On Monday night, Drew Brees and the New Orleans Saints put on a show that every fan in attendance, and every person watching won't soon forget while breaking Dan Marino's hallowed record for passing yards in a season. Though it is easier to throw the ball in this day and age, it is still a massive accomplishment.
While some felt the Saints ran up the score, there's one thing that Brees did last night. He cashed in his chips acquired over a storied, and now record-breaking career.
Think about this. In sports (fairly or unfairly), when there's a hot topic about what transpires on or off a playing field, we often look at who did it. In this case, one of the nicest guys around by all accounts was perceived to have run up the score. Truthfully, that's partly why he is getting a pass today. If it was Tom Brady, the feeling nationwide wouldn't be the same.
Still, some writers on Tuesday morning are taking issue with "the way" in which the Saints did it. Did they run up the score? If you put just the game situation down on paper, the answer would obviously be yes. However, last night the circumstances were far greater, and a golden opportunity was presented to Sean Payton, Brees, and the Saints.
Which is why, in this case I have absolutely no problem with what happened. How about we do an exercise. Let's lay out the sequence of the 4th quarter will shed light on why this happened. Because the Saints actually weren't trying for the record on their two prior drives in the final quarter.
Brees was 30 yards away from the record by the time the 4th quarter rolled around. The first time the Saints got the ball, the score read 31-16- a comfortable lead, but that could have changed with one play. So what happened? The Saints ran it twice, and went three and out after Chris Ivory failed to convert a 3rd and 1.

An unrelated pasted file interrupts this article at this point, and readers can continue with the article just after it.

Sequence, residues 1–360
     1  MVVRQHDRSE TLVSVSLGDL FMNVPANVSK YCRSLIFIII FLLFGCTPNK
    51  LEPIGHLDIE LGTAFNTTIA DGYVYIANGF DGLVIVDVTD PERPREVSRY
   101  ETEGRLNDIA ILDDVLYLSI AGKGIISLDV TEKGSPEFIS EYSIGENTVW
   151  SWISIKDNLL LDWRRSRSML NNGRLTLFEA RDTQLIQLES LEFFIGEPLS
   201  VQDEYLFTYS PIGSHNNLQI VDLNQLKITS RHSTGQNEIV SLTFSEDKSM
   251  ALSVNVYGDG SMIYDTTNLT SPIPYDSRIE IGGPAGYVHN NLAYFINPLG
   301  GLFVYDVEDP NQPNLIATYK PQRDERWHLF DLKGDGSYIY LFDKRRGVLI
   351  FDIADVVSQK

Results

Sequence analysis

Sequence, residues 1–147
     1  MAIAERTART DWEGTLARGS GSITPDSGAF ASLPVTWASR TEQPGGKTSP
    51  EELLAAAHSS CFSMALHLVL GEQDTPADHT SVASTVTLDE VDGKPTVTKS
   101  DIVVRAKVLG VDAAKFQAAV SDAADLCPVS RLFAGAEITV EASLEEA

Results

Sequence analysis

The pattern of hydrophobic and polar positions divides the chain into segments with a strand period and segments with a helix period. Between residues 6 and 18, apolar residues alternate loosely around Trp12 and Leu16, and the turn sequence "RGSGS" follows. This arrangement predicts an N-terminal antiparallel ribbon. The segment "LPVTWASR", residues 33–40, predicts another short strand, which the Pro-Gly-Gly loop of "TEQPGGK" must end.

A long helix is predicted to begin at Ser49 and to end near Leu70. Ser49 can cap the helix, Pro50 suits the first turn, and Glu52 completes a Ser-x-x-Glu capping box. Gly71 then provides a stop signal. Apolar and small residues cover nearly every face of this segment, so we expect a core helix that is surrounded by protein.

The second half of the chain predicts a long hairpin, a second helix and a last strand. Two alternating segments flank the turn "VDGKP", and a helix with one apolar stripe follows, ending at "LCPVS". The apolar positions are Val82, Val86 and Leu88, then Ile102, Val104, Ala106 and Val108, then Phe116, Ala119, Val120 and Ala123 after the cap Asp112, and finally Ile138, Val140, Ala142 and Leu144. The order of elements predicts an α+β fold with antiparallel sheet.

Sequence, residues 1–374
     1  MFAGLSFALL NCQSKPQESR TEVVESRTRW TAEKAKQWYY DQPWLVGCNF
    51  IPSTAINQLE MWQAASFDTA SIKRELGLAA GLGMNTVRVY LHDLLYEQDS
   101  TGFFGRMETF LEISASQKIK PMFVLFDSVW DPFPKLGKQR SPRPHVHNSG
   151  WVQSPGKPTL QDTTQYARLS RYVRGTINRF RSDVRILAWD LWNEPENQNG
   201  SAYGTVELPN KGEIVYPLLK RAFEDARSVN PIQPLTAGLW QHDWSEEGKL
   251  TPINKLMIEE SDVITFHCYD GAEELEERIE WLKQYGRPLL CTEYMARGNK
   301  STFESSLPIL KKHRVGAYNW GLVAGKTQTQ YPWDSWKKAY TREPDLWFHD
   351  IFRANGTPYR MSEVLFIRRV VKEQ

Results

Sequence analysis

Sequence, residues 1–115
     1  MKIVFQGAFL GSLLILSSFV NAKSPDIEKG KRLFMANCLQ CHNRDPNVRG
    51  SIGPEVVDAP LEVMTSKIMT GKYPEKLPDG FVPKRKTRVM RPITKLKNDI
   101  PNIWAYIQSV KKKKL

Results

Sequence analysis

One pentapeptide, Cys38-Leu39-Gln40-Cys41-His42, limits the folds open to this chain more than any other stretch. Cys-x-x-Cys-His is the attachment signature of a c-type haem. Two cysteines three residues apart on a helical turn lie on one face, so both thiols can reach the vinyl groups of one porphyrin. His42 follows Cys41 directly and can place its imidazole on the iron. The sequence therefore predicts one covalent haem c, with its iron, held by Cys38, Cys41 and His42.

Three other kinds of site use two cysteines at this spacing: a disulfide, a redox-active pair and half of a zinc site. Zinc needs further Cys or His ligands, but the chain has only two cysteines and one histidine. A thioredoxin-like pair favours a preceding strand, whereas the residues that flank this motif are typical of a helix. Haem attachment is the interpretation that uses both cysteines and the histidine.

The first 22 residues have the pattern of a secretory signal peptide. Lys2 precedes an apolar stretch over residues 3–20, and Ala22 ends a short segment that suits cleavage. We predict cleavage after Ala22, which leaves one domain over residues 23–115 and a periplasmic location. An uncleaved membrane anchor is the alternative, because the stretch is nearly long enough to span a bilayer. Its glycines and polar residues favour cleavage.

Then Malcolm Jenkins' fumble return for a touchdown put away any doubt with 11:09 remaining in the game. The Saints were not going to give away a 22-point lead. All eyes from that point were squarely focused on the record.
After the Falcons' next drive stalled inside the Saints' 10-yard line on downs, Brees still wasn't going full out for the record. The Saints, after taking over with 8:16 remaining ran for negative yardage on 1st down, putting them behind the chains. That gave the green light for a pass to try to get enough first downs to milk the clock. Brees was nearly picked off on 2nd down. Then on 3rd and 12, Brees did drop back to throw. Yet he didn't force anything. Instead, he tried to run for it to keep the drive alive. Because that was of the utmost importance to the Saints.
New Orleans had to punt again after going three and out once more. That's when, of all scenarios, a failed 4th down by the Falcons in their own territory became the fateful turn gave Payton and Brees another green light to go for history. The Falcons had been held to a 4th and 1 at their own 33-yard line. Instead of punting, and possibly ending this whole debate, Atlanta went for the first down. They didn't make it, which meant a short field with still 5:08 remaining. You can't run the clock out at that point by just sitting on the ball. What's a team to do?